In a smart and brilliant speech he poked rare fun at the dinner-debating members who were so ready to participate in the festivities of the society and so lax in attending the discussions. He not only did this with delicious banter and pointed sarcasm; but, with an audacious touch all his own, he coupled the toast with the name of one member present. This brought the ruffled gentleman up on to his legs, and, smarting under Mr. Chamberlain’s ironical philippics, he tried to pay back “our young friend” for what he considered his unwarrantable impertinence.

But Mr. Chamberlain was not in the least disconcerted by the hotly expressed resentment of the offended member. With his cigar in his mouth and his eye-glass in his eye he smiled with amused complacency, while his irate friend tried to pay him back, though hardly in his own sharp, ringing coin.

The other incident to which I have referred took place when the Birmingham Corporation Gas Bill was under consideration. A town’s meeting was held to discuss and decide whether the gas undertakings should be purchased by the municipal authorities. As there was considerable difference of opinion upon the question there was a large gathering in the Town Hall, and the opponents of the scheme were in strong force.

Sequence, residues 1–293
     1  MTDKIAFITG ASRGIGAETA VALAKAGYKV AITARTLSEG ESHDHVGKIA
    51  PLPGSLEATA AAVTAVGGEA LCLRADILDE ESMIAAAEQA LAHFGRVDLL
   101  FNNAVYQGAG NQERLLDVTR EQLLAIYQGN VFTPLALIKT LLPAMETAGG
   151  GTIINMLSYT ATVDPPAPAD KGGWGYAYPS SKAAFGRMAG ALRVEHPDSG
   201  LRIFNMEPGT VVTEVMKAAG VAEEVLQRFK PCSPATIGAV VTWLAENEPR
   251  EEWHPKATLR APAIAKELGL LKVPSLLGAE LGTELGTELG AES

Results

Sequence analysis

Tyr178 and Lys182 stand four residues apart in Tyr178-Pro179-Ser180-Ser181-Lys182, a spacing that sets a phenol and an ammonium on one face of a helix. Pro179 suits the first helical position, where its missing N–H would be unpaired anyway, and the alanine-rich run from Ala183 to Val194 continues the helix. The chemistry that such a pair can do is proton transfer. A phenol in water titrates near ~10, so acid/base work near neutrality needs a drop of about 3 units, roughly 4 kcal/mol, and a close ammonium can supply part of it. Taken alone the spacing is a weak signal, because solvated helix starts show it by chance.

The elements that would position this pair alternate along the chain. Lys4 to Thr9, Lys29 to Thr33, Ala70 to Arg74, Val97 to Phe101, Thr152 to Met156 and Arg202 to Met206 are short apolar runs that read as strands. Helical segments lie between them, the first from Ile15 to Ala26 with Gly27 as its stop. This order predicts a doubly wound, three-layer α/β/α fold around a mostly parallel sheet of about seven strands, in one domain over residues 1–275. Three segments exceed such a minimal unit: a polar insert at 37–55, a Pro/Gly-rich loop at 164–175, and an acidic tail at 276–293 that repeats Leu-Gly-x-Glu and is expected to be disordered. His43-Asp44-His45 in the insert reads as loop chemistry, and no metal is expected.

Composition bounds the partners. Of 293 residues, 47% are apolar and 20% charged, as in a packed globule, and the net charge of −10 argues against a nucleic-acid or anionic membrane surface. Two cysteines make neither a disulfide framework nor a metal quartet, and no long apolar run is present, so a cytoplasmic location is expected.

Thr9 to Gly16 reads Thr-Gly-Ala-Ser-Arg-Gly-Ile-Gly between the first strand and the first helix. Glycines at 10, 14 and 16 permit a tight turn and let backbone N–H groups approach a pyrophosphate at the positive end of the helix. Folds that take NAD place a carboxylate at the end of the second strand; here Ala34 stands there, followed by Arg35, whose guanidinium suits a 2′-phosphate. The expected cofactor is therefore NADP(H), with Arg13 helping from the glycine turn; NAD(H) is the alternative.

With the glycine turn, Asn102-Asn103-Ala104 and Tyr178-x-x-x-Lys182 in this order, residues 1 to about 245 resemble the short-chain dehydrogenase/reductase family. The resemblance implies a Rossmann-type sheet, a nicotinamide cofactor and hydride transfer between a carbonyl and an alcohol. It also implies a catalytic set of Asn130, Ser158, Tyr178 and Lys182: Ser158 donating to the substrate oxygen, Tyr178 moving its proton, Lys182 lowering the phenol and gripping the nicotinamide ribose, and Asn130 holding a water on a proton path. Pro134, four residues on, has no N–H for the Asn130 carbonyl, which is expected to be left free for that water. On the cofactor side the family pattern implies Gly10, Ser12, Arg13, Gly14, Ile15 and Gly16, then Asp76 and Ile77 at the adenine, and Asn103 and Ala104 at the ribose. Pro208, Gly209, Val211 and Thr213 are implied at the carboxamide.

Mr. Chamberlain, in the course of his speech advocating the purchase, pointed out with characteristic force all the advantages of the proposed scheme, and when he mentioned the satisfactory sum for which the gas undertaking could be bought a prominent opponent called out, “Will you give that for it?” “Yes, I will,” was the prompt reply, which rather surprised and silenced his antagonist.

And no doubt he meant what he said. He regarded the amount named as an advantageous price for the purchase as it has proved to be and he would have been willing, and would doubtless, with the aid of his friends, have been able, to find the money to secure such a valuable monopoly. It was, however, the decisive and ready manner in which he answered his interrogator that was so characteristic of the man, and which so appealed to the meeting as to elicit a hearty volley of cheers.